Rep. Salud Carbajal is reintroducing a bill that would permanently ban future offshore oil and gas leasing in areas of the Outer Continental Shelf off the coast of California.
The announcement from Carbajal’s office comes on the 50th anniversary of the 1969 Santa Barbara oil spill. On Jan. 28, 1969, a blowout on a Union Oil Co. platform spilled millions of gallons of crude oil that killed thousands of birds and sea creatures along 30 miles of coastline.
The California Clean Coast Act of 2019 is part of a package of bills that aim to block offshore drilling in several coastal states.
“In California, our coastal communities, local economies, and fragile ocean ecosystems cannot afford another disastrous oil spill,” Carbajal said. “That is why it is critical that we pass legislation to protect our coastal environment from further oil drilling and preserve its beauty and vibrancy for future generations.”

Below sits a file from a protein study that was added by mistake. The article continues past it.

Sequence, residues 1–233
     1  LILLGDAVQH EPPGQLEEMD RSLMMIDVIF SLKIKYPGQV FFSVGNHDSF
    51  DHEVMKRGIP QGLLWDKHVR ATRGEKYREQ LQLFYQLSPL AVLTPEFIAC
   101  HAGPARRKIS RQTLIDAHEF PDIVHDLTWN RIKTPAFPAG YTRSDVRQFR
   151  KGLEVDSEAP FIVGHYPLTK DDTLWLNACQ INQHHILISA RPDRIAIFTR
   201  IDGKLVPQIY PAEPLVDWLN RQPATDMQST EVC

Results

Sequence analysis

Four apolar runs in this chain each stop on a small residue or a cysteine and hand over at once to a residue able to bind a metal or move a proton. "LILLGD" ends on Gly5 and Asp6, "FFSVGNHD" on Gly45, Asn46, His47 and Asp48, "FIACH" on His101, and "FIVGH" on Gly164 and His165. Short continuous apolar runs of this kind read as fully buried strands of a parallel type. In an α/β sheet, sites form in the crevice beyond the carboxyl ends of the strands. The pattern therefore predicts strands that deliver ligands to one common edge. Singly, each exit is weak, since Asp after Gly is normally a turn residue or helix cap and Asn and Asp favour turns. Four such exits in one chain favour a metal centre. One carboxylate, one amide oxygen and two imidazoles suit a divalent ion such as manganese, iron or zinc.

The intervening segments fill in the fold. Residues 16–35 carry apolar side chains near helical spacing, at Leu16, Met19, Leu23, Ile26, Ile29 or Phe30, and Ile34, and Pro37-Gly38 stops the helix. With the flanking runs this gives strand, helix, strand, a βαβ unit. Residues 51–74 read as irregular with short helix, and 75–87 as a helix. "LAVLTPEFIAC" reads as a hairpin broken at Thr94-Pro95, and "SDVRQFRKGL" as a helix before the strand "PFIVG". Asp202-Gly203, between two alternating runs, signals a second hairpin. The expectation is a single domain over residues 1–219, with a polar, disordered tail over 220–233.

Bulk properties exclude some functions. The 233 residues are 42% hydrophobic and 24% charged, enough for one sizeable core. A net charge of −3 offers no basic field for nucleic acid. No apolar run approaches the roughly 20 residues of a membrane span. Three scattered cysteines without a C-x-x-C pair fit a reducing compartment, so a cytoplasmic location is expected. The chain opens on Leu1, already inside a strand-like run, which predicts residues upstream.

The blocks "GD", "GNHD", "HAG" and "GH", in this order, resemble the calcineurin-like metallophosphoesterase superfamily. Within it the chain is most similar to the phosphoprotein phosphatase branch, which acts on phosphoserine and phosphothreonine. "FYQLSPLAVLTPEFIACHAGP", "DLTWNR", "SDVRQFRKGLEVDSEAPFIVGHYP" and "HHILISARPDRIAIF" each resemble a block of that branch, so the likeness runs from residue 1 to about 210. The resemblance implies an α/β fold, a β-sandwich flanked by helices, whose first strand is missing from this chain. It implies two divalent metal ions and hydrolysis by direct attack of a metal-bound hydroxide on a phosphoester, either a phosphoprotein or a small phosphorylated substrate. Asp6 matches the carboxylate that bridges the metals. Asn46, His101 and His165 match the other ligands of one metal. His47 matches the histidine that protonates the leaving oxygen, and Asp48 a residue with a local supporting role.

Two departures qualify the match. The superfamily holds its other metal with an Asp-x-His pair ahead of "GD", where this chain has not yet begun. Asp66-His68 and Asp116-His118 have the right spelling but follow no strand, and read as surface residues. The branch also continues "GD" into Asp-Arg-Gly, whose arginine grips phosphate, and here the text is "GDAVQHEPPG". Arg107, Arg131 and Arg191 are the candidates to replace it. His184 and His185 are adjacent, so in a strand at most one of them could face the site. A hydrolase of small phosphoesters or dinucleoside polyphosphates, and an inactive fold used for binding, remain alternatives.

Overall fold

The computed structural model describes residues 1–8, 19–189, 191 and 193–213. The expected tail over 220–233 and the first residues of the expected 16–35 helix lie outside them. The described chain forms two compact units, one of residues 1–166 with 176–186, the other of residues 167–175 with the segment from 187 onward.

The bill is being reintroduced as the Trump Administration prepares to release the Bureau of Ocean Energy Management’s Proposed 2019-2024 Outer Continental Shelf Oil and Gas Leasing Program (National OCS Program).
The Draft Proposed Program (DPP), released in January 2018, would have made more than 98 percent of the Outer Continental Shelf available to consider for oil and gas leasing, including areas along the California coastline. The DPP is just the first in a series of three preliminary proposals by the Secretary of the Interior.
President Donald Trump issued two orders in 2017 directing the Bureau of Ocean Energy Management to develop a new National OCS Program for 2019-2024. The President’s Executive Order 13795 states it is “the policy of the United States to encourage energy exploration and production, including on the Outer Continental Shelf, in order to maintain the Nation’s position as a global energy leader and foster energy security and resilience for the benefit of the American people, while ensuring that any such activity is safe and environmentally responsible.”